Last week I was in Taiwan for the final Taiwan workshops for our Royal Society of Edinburgh-Ministry of Science and Technology Joint Research Project into the spatial relationship of green infrastructure and heat hazard. I was joined by my PhD student and Research Assistant Yi-Chen Huang, and met up with Co-PI Dr Wan-Yu Shih of Ming-Chuan University to run the activities.
We wanted to make the workshops as interactive as possible, so the first morning started with an expert workshop on social characteristics of heat vulnerability for Taiwanese cities. Thanks to support from Classic Design and Planning, we were able to invite Prof Sarah Lindley from University of Manchester to join us. Sarah talked the group through her work on the ClimateJust project in the UK, which aims to understand climate disadvantage by linking spatial environmental and social factors. With Sarah’s work as inspiration, the invited experts then worked in two small groups – and latterly as one big group – to rank a range of vulnerability drivers using the Q-Sort method. The invited experts came from a breadth of fields including urban planning, disaster risk, public health and architecture, as well as informed members of civil society. We had a full morning of heated discussion, so much so that lunch break had to be condensed – always a good sign!
In the afternoon we then had a public forum, with four talks on different aspects of green infrastructure and society in Taiwan. First was Po-Hung Liu of Classic Design and Planning, who set out a vision for Taipei and discussed the social and environmental opportunities which could be realised from the city’s green areas. It was then my turn to talk about the social dimensions of greenspace, drawing on the findings from the two papers Wan-Yu and I published last year. Chi-Da Wu of National Cheng Kung University spoke about the public health benefits of greenspace, before Wan-Yu gave one of her characteristically thorough and understated presentations, full of scientific rigour, on the relationship between green infrastructure and heat hazard in Taipei Metropolis. We then enjoyed a facilitated panel discussion with questions from the assembled audience.
Thursday evening was a double-header, with two hour-long lectures from myself and from Sarah on the theme of climate risk and green infrastructure in the UK. I spoke first, giving an overview of the adaptation landscape in Scotland and using the outcomes from our interview research on the RSE-MOST project to discuss how green infrastructure is helping to build a resilient Glasgow. Sarah then took us on a tour of her extensive work into green infrastructure, including her team’s newest research into how older people engage with green spaces in the UK. Thereafter, we had another enthusiastic Q&A session, with questions from the floor about differences between Taiwan and the UK; in whose benefit greenspace is managed; and even our opinions on Brexit (Sarah and I had done so well up until that point not to mention it…)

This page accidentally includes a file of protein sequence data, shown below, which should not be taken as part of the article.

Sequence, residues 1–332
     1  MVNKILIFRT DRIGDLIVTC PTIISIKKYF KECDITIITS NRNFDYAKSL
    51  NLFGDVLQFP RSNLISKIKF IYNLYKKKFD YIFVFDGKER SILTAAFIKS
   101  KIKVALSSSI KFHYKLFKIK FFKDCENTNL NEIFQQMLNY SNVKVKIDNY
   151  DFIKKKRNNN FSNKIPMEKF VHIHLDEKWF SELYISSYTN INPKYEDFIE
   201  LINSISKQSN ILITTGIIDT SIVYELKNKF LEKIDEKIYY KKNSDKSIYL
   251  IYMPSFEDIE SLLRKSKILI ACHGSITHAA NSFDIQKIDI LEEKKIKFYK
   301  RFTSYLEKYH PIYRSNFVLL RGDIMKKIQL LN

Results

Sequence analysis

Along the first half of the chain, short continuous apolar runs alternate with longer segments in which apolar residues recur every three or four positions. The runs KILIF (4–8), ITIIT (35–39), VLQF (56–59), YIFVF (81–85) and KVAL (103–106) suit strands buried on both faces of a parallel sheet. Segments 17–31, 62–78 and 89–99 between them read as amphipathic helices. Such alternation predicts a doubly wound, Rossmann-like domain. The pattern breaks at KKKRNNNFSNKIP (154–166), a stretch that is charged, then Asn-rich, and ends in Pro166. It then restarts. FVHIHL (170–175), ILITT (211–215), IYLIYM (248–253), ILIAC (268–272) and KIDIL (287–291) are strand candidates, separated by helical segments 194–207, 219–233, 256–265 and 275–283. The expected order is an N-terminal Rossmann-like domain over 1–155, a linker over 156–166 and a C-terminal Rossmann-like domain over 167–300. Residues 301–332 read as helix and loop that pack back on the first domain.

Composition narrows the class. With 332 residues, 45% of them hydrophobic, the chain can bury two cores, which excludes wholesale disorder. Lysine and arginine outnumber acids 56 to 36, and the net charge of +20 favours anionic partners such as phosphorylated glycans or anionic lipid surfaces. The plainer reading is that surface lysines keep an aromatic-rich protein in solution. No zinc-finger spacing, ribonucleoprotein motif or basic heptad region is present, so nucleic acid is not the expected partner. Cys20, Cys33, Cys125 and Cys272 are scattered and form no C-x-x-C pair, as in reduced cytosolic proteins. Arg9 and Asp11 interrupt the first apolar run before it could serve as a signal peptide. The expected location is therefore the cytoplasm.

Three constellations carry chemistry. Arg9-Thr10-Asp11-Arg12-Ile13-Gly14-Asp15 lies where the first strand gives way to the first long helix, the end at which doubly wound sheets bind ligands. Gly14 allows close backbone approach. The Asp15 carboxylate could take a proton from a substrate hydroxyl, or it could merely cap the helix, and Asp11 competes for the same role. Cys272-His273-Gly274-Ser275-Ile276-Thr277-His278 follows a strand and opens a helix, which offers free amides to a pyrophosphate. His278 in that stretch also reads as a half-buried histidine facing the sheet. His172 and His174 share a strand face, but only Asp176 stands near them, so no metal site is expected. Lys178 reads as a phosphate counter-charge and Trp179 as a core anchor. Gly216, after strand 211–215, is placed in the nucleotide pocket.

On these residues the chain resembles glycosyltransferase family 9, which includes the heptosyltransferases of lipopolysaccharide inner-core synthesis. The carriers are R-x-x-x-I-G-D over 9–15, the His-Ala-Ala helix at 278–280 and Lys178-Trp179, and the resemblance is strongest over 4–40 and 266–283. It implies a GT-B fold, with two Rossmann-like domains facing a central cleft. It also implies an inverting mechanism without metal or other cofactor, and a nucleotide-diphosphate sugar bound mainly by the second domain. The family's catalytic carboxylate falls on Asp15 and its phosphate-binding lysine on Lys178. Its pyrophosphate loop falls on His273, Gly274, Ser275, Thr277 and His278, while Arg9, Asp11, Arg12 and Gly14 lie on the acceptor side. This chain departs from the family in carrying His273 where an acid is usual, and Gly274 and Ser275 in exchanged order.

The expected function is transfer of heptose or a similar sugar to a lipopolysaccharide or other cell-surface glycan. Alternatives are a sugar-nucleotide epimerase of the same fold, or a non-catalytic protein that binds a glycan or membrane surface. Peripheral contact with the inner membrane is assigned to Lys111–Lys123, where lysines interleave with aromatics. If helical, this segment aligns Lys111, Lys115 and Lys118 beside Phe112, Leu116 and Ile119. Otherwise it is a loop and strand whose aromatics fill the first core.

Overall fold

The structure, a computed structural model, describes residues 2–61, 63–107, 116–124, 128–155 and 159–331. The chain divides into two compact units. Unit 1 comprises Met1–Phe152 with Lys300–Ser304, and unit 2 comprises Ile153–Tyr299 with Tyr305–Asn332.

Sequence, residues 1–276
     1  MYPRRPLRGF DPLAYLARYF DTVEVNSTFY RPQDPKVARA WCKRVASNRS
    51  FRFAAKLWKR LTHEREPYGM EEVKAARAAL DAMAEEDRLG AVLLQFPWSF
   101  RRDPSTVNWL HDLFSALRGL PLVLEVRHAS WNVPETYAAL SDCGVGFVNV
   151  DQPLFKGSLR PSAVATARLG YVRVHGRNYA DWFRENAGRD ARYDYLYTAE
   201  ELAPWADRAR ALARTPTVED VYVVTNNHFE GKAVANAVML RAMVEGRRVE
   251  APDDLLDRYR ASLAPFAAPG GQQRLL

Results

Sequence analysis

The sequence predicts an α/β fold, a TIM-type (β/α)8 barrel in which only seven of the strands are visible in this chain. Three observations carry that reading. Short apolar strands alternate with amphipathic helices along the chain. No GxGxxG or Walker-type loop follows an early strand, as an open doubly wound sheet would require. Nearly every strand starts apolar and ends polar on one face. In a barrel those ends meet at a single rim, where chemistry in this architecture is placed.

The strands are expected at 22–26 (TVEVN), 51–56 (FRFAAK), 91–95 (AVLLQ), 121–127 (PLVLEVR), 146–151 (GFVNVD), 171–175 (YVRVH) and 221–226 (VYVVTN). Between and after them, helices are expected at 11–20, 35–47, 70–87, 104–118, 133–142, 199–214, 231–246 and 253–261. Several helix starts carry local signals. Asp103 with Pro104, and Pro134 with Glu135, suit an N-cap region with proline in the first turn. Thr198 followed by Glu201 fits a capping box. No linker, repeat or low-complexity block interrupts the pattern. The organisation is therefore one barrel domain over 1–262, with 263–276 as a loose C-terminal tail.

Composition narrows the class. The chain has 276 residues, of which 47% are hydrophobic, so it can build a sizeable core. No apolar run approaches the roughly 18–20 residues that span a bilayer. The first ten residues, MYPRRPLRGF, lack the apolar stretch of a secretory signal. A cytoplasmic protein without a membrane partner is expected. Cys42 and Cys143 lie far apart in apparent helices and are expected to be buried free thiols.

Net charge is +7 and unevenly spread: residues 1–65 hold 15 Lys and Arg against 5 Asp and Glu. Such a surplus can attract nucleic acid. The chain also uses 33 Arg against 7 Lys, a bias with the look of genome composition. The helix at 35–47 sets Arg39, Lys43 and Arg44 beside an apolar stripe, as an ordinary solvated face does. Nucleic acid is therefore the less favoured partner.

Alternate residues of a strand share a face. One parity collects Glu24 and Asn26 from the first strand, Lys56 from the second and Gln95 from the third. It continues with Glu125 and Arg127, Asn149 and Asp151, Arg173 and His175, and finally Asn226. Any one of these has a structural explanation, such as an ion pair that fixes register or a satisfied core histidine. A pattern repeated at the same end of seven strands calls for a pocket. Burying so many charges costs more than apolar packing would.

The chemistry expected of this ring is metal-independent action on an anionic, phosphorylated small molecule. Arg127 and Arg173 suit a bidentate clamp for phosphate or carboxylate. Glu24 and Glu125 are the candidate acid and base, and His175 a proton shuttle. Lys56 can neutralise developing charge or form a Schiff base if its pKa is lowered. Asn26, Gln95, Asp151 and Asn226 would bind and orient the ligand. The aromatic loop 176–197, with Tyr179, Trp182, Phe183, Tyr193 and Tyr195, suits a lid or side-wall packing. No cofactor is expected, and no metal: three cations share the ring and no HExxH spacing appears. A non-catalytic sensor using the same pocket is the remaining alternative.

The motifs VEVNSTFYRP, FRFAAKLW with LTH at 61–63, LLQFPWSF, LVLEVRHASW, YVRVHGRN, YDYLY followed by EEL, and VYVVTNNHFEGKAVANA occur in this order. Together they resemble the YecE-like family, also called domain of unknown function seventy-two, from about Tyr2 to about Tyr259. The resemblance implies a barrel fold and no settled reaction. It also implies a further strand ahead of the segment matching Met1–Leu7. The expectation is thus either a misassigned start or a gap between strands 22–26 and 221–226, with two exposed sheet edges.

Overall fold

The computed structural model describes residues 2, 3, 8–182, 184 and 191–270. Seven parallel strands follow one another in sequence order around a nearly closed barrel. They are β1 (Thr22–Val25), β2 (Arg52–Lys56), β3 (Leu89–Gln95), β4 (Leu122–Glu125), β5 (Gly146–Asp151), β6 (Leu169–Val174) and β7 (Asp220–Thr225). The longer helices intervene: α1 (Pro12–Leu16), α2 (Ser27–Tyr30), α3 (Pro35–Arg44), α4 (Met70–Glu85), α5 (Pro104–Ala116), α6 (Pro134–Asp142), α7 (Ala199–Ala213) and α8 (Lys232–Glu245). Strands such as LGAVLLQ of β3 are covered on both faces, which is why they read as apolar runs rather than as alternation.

For both days, both Yi-Chen and Wan-Yu did a great job of translating into Chinese for us, for which I am very grateful indeed – I know what a tiring and challenging job it is to translate and interpret.
I always enjoy doing a bit of teaching when I come to Taiwan, and was able to take two classes in the Department of Urban Planning and Disaster Management at MCU. The first class was with professional students on research techniques, so I talked the class through principles of research design, using the media analysis work I did when Wan-Yu and I first started collaborating as an example to spark discussion. We then ran the Q-Sort again with the class, where the students used the insights from their own jobs to help them reach consensus on how to rank the factors. The second class was with my friends from the global environmental change module – who I met back in March – where we again used the Q-Sort to get the class thinking and discussing what makes people vulnerable to heat risk. This time, there was a very animated and intense discussion between the groups, possible thanks to the good relations the students have with each other and the positive environment for learning that Wan-Yu creates in her classes.
We are not done yet though! At the end of June, we will have another round of events in Scotland, with a workshop to be held in Edinburgh on Thursday 27 June. More details to follow soon!
AND we got another paper accepted together while in Taipei! This time, with our collaborators from Kyushu University, we are evaluating the emergence of an urban heat and greenspace research community in Fukuoka, Japan. Paper should be out soon in Geoforum.